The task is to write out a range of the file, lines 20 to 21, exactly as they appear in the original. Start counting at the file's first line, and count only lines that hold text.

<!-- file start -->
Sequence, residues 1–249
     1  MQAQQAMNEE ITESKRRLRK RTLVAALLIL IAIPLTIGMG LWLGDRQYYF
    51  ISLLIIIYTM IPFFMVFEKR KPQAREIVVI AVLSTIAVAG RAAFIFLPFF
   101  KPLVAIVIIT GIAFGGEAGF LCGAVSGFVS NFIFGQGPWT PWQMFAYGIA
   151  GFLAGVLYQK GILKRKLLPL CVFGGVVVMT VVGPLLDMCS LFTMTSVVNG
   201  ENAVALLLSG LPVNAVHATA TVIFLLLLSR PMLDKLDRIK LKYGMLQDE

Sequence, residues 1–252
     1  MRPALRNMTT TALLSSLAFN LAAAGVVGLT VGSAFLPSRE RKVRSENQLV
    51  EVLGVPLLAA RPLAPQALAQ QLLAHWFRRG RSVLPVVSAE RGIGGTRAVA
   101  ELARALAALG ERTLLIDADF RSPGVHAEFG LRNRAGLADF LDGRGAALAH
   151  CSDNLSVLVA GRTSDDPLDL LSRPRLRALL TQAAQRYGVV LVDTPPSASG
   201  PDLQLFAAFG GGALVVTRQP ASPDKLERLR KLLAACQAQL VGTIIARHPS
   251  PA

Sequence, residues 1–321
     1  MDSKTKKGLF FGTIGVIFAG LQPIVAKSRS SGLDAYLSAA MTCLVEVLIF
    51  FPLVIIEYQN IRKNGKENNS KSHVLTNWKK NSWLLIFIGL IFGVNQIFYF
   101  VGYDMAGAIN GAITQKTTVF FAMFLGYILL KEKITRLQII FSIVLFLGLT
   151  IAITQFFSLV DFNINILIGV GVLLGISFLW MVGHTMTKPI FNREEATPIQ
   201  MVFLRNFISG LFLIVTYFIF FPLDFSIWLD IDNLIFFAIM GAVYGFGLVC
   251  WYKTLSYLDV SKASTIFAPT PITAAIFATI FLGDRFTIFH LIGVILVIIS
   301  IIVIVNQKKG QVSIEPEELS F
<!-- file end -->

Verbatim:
   251  WYKTLSYLDV SKASTIFAPT PITAAIFATI FLGDRFTIFH LIGVILVIIS
   301  IIVIVNQKKG QVSIEPEELS F